Because financial companies are tight lipped and non-unionized, the only people that people on the outside see are the top executives, which makes people assume that everyone that works in a bank is a managing director.
twofish-quant
#70
Feb26-12, 09:59 PM
P: 6,863
Quote Quote by nickyrtr View Post
Back to the original point -- research is a project-based enterprise, but that does not preclude longer-term employment for researchers, as demonstrated by the existence of research faculty appointments with lifetime tenure. Offering postdocs longer-term, more geographically stable employment is possible, if academic institutions so choose, or are induced to choose by legislation, collective bargaining, etc.
The problem here is that if you do that, then you've just destroyed the tenure system. Once you have postdocs having long term contracts, and getting into positions of authority, then pretty soon, that's going to be the standard practice. One thing about legislation is that when it comes to politicians, both post-docs and tenured faculty are on the same side. No one wants politicians to start mandating terms of employment.

I'm reminded of the conversation between Bryant and Deckard in Bladerunner in which it's mentioned that androids why have a programmed four year life span.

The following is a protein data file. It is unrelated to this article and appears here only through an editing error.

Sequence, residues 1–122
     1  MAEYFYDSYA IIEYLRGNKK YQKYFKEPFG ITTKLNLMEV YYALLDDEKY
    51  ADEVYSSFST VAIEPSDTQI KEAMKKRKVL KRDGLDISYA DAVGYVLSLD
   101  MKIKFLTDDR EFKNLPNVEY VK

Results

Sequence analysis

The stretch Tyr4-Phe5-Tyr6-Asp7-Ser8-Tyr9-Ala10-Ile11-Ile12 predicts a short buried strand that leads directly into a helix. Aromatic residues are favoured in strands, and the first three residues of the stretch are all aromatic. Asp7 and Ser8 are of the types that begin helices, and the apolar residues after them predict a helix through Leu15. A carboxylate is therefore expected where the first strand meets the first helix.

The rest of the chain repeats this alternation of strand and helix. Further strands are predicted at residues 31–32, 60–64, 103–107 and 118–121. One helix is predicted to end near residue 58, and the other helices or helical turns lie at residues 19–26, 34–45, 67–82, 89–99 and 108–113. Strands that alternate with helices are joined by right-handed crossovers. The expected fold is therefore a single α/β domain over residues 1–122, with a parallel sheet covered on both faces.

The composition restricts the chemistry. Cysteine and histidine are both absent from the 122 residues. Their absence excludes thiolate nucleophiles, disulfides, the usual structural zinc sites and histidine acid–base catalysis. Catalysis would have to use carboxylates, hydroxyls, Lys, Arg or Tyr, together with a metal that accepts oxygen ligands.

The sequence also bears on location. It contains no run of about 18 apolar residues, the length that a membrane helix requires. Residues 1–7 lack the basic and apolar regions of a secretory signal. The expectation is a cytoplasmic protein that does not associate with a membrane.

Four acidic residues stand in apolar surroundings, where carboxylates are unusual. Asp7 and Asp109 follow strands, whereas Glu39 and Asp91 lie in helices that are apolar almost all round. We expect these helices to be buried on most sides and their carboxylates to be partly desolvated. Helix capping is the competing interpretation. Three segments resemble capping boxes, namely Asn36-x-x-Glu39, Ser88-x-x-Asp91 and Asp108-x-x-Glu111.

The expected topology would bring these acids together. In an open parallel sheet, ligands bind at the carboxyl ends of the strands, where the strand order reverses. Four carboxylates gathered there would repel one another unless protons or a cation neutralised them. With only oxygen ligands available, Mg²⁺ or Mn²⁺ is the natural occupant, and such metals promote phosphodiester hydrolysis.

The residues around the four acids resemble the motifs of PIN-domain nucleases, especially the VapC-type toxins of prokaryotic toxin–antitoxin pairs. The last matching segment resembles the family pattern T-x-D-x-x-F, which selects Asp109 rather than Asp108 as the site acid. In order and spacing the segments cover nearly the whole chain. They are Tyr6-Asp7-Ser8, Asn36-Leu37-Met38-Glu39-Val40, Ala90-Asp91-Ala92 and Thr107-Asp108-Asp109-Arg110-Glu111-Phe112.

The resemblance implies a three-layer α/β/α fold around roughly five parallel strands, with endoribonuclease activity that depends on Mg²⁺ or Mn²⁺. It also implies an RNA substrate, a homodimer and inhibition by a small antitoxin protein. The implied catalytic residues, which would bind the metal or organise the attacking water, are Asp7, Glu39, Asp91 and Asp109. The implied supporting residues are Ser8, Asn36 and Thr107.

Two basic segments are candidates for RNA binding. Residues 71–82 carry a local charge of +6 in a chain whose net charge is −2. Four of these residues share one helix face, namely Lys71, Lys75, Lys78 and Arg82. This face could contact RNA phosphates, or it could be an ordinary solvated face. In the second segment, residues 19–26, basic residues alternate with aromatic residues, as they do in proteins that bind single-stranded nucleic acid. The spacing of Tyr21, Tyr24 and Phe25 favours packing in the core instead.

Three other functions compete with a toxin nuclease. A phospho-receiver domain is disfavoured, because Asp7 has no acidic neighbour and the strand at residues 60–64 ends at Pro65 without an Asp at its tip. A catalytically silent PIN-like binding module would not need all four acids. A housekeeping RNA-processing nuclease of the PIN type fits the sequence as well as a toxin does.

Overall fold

One other thing to note is that tenure was not unusual in most unionized industries in the 1950's. It's only because of changes in the labor market that made professors have different hiring practices.
twofish-quant
#71
Feb26-12, 10:08 PM
P: 6,863
Quote Quote by czelaya View Post
Companies are downsizing, and jobs are being shipped outside the US. So job prospects, overall, are not well in these fields.
One thing that's good about a Ph.D. is that it will get you at the head of a queue if you want to switch countries. This works if you want to get into the US, but it also works if you want to get out.

Something else that is happening is the decline of relative US power. If you have a committee full of Americans, you can appeal to patriotism to keep jobs in the US. If it turns out that the people who are running the company aren't American, then appeals to American patriotism aren't going to work, and increasingly the people that make decisions about where the jobs are, aren't American.

I've seen this dynamic in multi-national companies. If you want to make a decision as to whether to move a plant from the US to India, then it's going to *have* to be based on economic decisions rather than on nationalism, because appeals to "keep jobs in America" won't appeal to the Indians involved in making the decision.
twofish-quant
#72
Feb26-12, 10:15 PM
P: 6,863
Quote Quote by nickyrtr View Post
What's probably going to happen in science is that the science PhD glut will become better and better publicized, and fewer students will pursue science PhDs in years to come.
At which point you may have a boom-bust cycle which just wrecks the system.

Or you end up with an economic death spiral. Fewer Ph.D.'s -> less economic growth -> fewer Ph.D.'s -> less economic growth

Ironically, it may also mean better wages and working conditions for the postdocs that remain, due to the laws of supply and demand.
Supply and demand aren't "iron laws" rather like everything else in economics, they can be modeled. The rules of supply and demand that work in perfect markets don't work with science hiring, but it's not hard to come up with other models.